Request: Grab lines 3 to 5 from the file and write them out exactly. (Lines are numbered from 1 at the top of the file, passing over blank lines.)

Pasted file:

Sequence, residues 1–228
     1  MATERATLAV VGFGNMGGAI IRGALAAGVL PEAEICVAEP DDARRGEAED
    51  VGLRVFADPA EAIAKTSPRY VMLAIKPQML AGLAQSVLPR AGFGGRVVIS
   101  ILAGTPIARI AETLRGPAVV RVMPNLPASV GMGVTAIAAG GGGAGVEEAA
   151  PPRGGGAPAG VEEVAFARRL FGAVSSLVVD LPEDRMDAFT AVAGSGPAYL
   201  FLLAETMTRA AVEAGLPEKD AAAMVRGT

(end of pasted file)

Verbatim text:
    51  VGLRVFADPA EAIAKTSPRY VMLAIKPQML AGLAQSVLPR AGFGGRVVIS
   101  ILAGTPIARI AETLRGPAVV RVMPNLPASV GMGVTAIAAG GGGAGVEEAA
   151  PPRGGGAPAG VEEVAFARRL FGAVSSLVVD LPEDRMDAFT AVAGSGPAYL